IT WAS TOO early in the morning when I went to the DMV to renew my driver’s license. Before I pushed my bespectacled face up against the vision tester, I checked with the clerk to make sure I could get my new picture taken without the glasses, since I wear my contacts when I don’t have to leave home so early. Of course so, she said; we do the picture however you want it done.
Truth be told, “have it your way” wasn’t actually the state’s policy on ID photos at the time. It would be a couple of weeks before a boy who considers himself a girl announced that the Department of Motor Vehicles had settled a lawsuit and agreed to let the Anderson teenager wear makeup to get a new driver’s license photo taken.
It was a smart decision for reasons that have nothing to do with avoiding the cost of a lawsuit or respecting the rights of people to determine their own gender identity. It was a smart decision for the same reason it was a smart decision for the clerk to let me have my picture taken without my glasses (and with makeup):
The point of having a picture on a driver’s license is to make it easier for police to verify that the person who produces the license is in fact the person whose name is on the license. If the person in the picture is wearing glasses and the one in the car isn’t, it can raise questions, even if only briefly. If the person is the picture looks like a boy but the person in the car looks like a girl, it can raise questions, perhaps less briefly.
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Public safety anyone?
The whole job of the Department of Motor Vehicles — indeed, of all of our laws involving driving — is public safety. Whether that’s making sure the people who drive know how to drive or making sure the vehicles they drive carry insurance or helping police identify fugitives or underage drinkers or stolen vehicles, advancing public safety is why we have this agency.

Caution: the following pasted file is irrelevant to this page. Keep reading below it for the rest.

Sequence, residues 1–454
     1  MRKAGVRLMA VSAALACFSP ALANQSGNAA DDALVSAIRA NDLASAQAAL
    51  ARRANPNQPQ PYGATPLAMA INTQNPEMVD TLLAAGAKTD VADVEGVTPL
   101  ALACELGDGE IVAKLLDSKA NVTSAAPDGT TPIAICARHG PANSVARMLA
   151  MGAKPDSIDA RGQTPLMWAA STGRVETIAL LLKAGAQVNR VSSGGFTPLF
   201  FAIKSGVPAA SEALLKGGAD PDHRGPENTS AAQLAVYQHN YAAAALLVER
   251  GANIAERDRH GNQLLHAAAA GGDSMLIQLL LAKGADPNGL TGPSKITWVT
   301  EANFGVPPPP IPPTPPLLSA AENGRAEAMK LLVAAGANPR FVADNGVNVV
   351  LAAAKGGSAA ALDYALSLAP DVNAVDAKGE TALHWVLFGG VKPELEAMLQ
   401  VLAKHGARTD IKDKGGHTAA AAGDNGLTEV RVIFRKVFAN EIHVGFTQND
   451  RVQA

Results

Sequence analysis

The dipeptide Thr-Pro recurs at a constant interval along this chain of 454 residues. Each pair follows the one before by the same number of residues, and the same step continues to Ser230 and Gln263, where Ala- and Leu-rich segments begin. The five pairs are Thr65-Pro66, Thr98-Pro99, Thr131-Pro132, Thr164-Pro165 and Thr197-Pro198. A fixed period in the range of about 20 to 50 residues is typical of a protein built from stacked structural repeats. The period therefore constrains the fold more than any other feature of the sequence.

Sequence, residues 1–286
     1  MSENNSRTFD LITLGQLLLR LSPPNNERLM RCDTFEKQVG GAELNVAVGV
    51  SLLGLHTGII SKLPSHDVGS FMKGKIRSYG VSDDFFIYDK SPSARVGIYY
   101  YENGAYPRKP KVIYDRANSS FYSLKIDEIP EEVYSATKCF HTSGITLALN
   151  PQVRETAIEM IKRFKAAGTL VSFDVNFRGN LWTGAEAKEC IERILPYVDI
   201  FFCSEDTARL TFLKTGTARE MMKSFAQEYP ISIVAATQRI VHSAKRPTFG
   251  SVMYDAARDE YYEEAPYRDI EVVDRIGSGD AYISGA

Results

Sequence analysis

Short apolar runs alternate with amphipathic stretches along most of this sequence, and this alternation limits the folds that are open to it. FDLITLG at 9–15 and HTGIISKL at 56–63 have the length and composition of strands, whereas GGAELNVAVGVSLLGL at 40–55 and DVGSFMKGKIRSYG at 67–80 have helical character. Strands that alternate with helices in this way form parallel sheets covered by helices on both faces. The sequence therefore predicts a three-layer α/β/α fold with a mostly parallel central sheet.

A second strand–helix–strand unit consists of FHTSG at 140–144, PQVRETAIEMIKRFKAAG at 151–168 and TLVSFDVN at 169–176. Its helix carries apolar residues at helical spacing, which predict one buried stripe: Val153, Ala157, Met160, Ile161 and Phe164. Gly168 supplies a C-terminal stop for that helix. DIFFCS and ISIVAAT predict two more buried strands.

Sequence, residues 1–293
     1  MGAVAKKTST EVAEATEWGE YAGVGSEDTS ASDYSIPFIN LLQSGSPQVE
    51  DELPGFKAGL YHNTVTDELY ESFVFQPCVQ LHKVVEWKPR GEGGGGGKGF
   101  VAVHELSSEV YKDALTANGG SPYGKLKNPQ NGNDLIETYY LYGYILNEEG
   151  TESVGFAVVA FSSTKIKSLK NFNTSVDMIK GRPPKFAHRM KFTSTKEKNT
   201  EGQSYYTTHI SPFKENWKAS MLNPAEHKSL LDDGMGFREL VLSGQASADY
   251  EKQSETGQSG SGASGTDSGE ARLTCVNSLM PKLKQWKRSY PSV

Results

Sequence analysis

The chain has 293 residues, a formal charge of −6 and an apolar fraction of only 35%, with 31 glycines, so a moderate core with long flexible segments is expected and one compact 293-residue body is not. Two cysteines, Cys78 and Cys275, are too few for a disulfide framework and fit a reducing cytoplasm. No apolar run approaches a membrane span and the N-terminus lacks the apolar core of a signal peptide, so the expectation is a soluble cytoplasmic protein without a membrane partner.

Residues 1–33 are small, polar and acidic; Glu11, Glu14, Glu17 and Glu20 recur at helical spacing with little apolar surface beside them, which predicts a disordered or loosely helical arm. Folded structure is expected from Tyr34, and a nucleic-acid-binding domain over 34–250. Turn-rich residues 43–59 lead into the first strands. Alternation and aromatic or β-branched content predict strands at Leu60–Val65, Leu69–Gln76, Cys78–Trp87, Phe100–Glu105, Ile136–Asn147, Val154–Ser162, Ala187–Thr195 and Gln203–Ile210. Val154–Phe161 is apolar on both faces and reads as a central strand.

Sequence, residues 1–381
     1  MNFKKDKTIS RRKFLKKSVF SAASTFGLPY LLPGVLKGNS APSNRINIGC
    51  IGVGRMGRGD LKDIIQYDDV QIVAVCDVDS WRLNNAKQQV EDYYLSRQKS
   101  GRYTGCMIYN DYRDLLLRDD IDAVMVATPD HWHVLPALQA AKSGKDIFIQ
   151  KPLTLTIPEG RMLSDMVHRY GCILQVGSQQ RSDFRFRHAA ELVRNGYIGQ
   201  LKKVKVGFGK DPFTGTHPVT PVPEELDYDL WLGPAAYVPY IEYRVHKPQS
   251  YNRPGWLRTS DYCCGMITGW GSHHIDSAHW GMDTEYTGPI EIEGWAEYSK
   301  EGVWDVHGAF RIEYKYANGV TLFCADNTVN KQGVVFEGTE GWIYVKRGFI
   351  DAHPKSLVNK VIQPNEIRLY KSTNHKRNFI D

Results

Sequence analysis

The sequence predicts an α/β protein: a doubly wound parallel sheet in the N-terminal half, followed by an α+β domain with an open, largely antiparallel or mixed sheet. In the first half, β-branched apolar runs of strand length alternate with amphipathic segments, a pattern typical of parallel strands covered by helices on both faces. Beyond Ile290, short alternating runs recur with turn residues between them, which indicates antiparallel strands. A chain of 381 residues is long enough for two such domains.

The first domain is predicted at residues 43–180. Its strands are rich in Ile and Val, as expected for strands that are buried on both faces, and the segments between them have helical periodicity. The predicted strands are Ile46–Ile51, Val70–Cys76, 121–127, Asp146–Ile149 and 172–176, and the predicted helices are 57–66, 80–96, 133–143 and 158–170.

That’s why I was so encouraged by the DMV’s recent announcement that it is bringing some uniformity to the crazy mishmash of specialty license plates our state issues. Instead of having regular license plates that are blue and orange and breast-cancer-awareness plates that are pink and Donate Life tags that are green and blue and Earth Echo International tags that are yellow and blue and First in Golf tags that are green and yellow and Morris Island Light tags that are magenta and blue and — well, you get the picture — the agency is phasing in new tags that are white with the specialty names at top, set off by blue and red lines, and the specialty emblem on the left.
The DMV cites a 2013 law that created a bunch of new specialty tags but also required the agency to develop “a basic plate design that will be used for all special license plates.” That language was broad enough to allow the current craziness to continue, but instead of doing that, the agency explains on its web site, it designed new plates “in conjunction with law enforcement officials to provide maximum visibility.”
In other words, when a cop tries to pull over an erratic driver in the dark of night on a darker highway, and the car speeds off and the cop chases after it, it won’t take him as long to figure out exactly what kind of license plate that is, and he’ll get word back a lot sooner on what kind of record the fleeing driver has.
Specialty plate profusion